WhatsApp Web and Desktop gets extra biometric security layer

Whatsapp Faceid
Whatsapp Faceid (Image credit: WhatsApp)

What you need to know

  • WhatsApp is rolling out beefed-up biometrics for its Desktop and Web apps.
  • It means users will have to unlock the app on their phone before linking their account to a desktop device.

A new security measure from WhatsApp will mean users have to unlock their device with biometric security before linking their account to a desktop app.

In a tweet today WhatsApp stated:

Today we're starting to roll out a new security feature for WhatsApp Web and Desktop: face and fingerprint unlock when linking devices.WhatsApp does not see your face or fingerprint data.Chats for your Eyes only

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As per WhatsApp's FAQ, the new measure will mean that now, when users want to link their WhatsApp account to a desktop app or sign in to WhatsApp on the web, they'll first need to unlock their phone with Touch ID or Face ID.

This means that should someone get access to your mobile device, they can't then go and sign in to your WhatsApp on a desktop device because it will be protected by the biometric security you use on your device.

WhatsApp says that, as per any other device that uses your fingerprint or face for security, WhatsApp can't see any of your data from Touch ID or Face ID:

The authentication is handled by your device's operating system using the biometrics stored there. WhatsApp can't access the biometric information stored by your device's operating system.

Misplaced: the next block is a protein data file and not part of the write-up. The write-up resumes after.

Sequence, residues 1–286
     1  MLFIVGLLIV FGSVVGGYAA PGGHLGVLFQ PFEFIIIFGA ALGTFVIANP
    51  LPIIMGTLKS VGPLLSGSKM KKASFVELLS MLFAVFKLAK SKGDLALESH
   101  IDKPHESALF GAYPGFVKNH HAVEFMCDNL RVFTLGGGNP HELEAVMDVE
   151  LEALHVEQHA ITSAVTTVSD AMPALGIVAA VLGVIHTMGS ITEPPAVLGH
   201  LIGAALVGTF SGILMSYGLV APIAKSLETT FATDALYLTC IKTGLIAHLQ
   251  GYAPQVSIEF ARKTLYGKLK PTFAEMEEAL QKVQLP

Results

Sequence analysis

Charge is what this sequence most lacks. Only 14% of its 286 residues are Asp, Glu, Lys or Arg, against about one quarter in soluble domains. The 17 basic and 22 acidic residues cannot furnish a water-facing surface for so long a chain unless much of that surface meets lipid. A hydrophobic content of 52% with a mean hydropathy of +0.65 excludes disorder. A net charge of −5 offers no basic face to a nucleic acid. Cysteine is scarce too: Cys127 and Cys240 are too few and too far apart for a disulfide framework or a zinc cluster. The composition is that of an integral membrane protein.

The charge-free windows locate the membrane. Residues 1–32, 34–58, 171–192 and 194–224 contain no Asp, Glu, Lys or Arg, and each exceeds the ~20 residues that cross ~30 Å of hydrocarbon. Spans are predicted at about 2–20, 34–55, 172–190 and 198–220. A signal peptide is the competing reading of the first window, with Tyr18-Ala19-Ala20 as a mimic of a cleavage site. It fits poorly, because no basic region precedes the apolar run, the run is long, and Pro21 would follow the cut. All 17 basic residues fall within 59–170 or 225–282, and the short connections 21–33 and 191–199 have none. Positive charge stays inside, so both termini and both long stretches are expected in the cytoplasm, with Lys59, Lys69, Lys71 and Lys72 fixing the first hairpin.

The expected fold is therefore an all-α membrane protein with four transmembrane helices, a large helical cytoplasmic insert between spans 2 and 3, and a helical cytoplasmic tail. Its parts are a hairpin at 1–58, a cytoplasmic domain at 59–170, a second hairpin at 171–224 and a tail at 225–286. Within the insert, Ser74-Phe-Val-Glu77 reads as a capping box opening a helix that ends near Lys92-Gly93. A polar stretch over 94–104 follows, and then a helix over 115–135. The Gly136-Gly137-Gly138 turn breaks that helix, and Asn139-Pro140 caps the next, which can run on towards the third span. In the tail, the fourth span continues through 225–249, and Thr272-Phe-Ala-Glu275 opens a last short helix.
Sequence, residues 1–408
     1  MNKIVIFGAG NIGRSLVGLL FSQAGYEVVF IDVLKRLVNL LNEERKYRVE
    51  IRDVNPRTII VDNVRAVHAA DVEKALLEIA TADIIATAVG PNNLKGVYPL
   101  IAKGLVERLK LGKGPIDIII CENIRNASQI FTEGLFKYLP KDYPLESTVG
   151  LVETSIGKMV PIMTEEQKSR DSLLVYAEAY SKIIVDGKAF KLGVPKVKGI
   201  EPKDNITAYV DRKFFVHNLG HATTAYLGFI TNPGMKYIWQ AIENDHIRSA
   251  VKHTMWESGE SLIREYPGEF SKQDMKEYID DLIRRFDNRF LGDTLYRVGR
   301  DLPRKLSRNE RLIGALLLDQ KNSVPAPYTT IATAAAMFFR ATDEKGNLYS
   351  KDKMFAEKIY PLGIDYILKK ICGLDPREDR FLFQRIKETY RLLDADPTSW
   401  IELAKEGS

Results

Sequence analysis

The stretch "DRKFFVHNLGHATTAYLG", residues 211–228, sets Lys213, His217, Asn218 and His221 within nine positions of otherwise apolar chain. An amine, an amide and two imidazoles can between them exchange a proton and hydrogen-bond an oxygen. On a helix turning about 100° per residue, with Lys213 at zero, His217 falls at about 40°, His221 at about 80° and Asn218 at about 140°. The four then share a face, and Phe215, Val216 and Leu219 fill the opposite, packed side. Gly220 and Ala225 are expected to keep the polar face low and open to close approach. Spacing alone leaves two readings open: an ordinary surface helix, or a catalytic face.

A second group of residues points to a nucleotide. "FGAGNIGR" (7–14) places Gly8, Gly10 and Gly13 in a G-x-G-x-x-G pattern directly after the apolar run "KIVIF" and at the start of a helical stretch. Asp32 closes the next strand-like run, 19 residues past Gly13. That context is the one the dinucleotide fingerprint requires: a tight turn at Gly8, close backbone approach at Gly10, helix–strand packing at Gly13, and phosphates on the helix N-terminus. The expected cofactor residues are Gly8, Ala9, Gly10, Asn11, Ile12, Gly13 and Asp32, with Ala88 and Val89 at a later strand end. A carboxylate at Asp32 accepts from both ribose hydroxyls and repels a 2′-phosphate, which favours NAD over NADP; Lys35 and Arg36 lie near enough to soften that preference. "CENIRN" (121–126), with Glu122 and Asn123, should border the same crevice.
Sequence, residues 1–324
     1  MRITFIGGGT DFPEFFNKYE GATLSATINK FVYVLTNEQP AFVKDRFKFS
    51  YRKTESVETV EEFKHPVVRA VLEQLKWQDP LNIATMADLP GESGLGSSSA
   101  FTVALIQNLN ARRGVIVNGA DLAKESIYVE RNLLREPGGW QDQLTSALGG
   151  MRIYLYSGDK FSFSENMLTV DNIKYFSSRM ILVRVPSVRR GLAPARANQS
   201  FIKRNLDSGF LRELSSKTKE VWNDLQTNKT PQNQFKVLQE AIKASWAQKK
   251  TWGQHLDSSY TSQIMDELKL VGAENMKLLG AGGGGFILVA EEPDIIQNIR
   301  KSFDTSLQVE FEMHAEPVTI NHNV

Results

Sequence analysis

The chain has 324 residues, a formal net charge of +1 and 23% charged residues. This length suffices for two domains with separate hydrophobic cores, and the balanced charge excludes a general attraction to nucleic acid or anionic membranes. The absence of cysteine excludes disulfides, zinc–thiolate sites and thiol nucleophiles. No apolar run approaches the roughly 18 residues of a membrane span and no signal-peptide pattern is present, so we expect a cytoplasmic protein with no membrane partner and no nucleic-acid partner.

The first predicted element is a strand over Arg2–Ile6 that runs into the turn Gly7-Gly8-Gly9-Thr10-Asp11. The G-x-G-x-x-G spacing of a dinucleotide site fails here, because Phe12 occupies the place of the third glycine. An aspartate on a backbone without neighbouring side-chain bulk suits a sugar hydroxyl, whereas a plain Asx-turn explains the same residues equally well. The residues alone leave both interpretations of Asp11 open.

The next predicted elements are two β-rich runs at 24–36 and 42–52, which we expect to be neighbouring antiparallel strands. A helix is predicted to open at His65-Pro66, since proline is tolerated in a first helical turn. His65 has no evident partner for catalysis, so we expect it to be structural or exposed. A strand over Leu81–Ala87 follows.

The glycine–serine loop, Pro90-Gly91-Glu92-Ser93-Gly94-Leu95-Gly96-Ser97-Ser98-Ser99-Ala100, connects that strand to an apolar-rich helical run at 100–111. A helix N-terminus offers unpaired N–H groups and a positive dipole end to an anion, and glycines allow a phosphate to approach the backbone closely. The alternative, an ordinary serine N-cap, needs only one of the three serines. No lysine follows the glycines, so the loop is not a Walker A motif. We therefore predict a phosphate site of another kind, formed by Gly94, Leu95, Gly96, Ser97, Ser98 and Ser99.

The new feature will be available on any iPhone running iOS 14 with either Touch ID or Face ID, as well as any Android devices with biometric security. If you don't have Touch ID or Face ID enabled, then you will be able to link your account to a desktop device as normal.

Stephen Warwick
News Editor

Stephen Warwick has written about Apple for five years at iMore and previously elsewhere. He covers all of iMore's latest breaking news regarding all of Apple's products and services, both hardware and software. Stephen has interviewed industry experts in a range of fields including finance, litigation, security, and more. He also specializes in curating and reviewing audio hardware and has experience beyond journalism in sound engineering, production, and design.

Before becoming a writer Stephen studied Ancient History at University and also worked at Apple for more than two years. Stephen is also a host on the iMore show, a weekly podcast recorded live that discusses the latest in breaking Apple news, as well as featuring fun trivia about all things Apple. Follow him on Twitter @stephenwarwick9